But theologian John F. Haughtis not alone in thinking that boasting of St. Francis is not enough to make Christianity ecologically attractive. ForHaught, such an approach is insufficient, as it does not go far enough ‘in opening Christian faith to the radical renewal the ecological crisis seems to demand’ (2004: 235). Because monotheisms retain anthropocentrism, which is considered one of the chief causes of our environmental crisis, and treat the management of the natural world as a God-given human responsibility, much apologetic Christian theology has been replaced by what Haught calls the sacramental approach, which places the emphasis on the sacred quality of the universe, rather than on religious textuality and stewardship. The sacramental approach interprets the natural world as the primary symbolic disclosure of God, such that overcoming sin means overcoming our alienation from the cosmos. According to such a view, the mystery of God is revealed in the evolution of matter itself. Since the natural world is itself the expression of divinity, it has no need for human stewardship.
Yet for many scholars and religious activists fighting for ecological awareness, adopting an evolutionary, scientific and ecological perspective can come onlyat the price of sacrificing transcendental monotheistic beliefs. Such activists thus tend toward pantheism and animism, bringing to the fore non-Western ontologies that are eco-centric instead of anthropocentric. Indeed,if it was indigenous anthropology that allowed us to see that the nature/culture divide was a particular Western invention, we might learn something from animism, which, instead of separating the world into active subjects and passive objects, attributes subjectivity universally to all entities.
As a conceptual system, animism entails four interrelated ideas: personhood, relationality, location and ontological boundary crossing. According to the first characteristic, agency is redistributed from the exclusively human domain to the entire bio-sphere. Bears, and koalas, ants and nematodes all have their own complex cultures because nature is culture all the way down. Recognising personhood in non-human others entails understanding such persons as conscious agents capable of intentional and intelligent communication. For animists, such persons are defined relationally, our second trait, because they share their world with many other persons, with whom they enter into complex forms of communication. Persons exist through their relations because they are all dependent upon a shared eco-system, or location, our third trait, that grounds and gives meaning to their communication. Finally, the ability to cross ontological boundaries, our fourth trait, entails the ability to ‘adopt the perspective of nonhuman subjectivities’ in order to understand how they conceive of themselves as the center of their own worlds. This ability, which is essential for empathy, and is wired into many animals via mirror neurons, allows a person to feel as, and think as, another.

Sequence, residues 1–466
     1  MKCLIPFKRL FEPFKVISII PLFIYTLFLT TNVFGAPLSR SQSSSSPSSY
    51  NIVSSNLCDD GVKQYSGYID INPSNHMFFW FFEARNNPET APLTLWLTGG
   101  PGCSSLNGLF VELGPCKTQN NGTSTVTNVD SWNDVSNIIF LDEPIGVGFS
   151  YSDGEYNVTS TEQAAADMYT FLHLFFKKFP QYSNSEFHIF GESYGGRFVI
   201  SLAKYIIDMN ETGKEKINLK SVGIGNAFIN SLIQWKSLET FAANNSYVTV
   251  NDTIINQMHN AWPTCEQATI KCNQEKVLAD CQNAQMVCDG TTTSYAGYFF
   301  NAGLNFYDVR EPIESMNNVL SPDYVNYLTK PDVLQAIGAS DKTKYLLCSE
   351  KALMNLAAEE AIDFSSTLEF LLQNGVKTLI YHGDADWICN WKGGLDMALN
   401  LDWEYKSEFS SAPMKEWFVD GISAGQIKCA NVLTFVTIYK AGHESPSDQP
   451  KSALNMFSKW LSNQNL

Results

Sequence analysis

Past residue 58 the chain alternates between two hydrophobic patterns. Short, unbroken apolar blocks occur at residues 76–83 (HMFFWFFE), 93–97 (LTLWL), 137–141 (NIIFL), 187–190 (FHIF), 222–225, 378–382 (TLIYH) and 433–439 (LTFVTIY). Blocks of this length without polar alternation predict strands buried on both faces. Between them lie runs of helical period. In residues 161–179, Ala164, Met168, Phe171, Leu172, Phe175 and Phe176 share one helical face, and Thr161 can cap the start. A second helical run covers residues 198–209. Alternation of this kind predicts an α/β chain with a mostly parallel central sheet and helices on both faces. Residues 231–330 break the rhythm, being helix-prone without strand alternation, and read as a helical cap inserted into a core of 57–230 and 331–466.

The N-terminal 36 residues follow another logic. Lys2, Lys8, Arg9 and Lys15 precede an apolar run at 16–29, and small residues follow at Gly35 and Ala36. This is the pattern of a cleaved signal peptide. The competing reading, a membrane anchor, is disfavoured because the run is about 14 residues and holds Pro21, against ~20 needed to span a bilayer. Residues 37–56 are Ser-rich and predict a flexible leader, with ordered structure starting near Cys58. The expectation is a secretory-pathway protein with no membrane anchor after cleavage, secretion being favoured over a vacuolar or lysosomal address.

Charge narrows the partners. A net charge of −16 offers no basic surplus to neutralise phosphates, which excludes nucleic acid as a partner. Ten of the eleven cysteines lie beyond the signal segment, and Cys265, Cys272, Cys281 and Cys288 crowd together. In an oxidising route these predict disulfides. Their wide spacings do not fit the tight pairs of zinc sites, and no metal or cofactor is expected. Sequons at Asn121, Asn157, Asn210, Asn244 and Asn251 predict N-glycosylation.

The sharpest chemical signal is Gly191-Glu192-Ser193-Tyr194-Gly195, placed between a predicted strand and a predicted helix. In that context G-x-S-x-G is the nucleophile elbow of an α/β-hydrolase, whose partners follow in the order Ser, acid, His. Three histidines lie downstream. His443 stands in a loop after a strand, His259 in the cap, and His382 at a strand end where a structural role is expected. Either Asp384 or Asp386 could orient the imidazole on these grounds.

What might it mean then, for us moderns, to re-become indigenous and adopt an animistic worldview? Should we prepare darts for a blowgun and set up camp in a Yurt or an earthship in abandoned industrial zones, or join the Zones à Défendrein France or The Earth Liberation Army elsewhere? This is certainly one way. But I would like to claim that we do not need to re-become animists, for, to quote religious studies scholar Graham Harvey ‘we have always been animists’ (2014:11). We therefore remain capable of ‘seeing, feeling and thinking as another’, and this capacity is indeed an essential attribute of modern literature, philosophy, religion and politics. Indeed, it may very well be an essential attribute of being human. My article in Environmental Values seeks to show that the ontological boundary crossing required in order to ‘think or feel as another’ is intrinsic to modern culture as well and that we would do well to recognise and cultivate such a capacity if we hope to develop the solidarity required to address climate change.